Taking the final step from the bench to the hospital or clinic bedside

May 18, 2010

A new Regenstrief Institute and Indiana University Center for Aging Research (IUCAR) study provides effective strategies to help hospital systems, physicians and other care providers to overcome end zone hurdles and actually take evidence-based research to the patient's hospital or clinic bedside.

The paper has been published online by the Journal of Clinical Interventions in Aging, a peer-reviewed, open access publication.

"Much good evidence-based research is conducted and published in peer reviewed publications every year. But unfortunately it's not making its way into medical practice. For example, after numerous studies, the in 1996 approved donepezil, a medication for Alzheimer disease. Yet today, doctors are prescribing this drug to less than 20 percent of eligible individuals," said first author Malaz Boustani, M.D., IU School of Medicine associate professor of medicine. He is a Regenstrief Institute investigator and an IUCAR center scientist.

"Physicians and other health-care providers need help. Our work provides a blueprint emphasizing how to conduct a non-hierarchical group approach to making that last and most important leap from to the real world," added Dr. Boustani.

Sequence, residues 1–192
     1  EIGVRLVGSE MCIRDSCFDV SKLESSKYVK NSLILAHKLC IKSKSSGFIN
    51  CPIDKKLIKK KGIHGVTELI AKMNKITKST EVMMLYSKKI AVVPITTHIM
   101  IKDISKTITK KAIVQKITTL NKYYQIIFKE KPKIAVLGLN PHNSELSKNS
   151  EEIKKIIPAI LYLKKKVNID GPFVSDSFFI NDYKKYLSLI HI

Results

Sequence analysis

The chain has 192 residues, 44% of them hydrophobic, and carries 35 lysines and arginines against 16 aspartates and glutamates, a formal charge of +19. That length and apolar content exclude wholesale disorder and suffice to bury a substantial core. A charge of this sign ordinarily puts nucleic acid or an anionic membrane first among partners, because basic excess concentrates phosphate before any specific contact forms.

The paper includes a case study of the Care Medical Home (ABC-MedHome), which has successfully brought evidence-based medicine to both the patient and the family caregiver. The program identifies, assesses and manages the biopsychosocial needs of older patients suffering from dementia or depression (and those of their family caregivers) receiving care within the primary care practice with Wishard Health Service, an urban public health care system.

To use the example of a relay race, the model outlined in the JCIA paper enables the doctors, nurses, social workers, administrators and others who directly provide care to patients to seize the baton and provide locally sensitive treatment based on evidence-based research.

"And with so many policy changes, providers can't do things the way they have always done them. Our paper offers a process to help them select evidence-based modifications and innovations to how they provide and evaluate care to ensure that patients receive the best care possible," said Dr. Boustani.

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Provided by Indiana University School of Medicine

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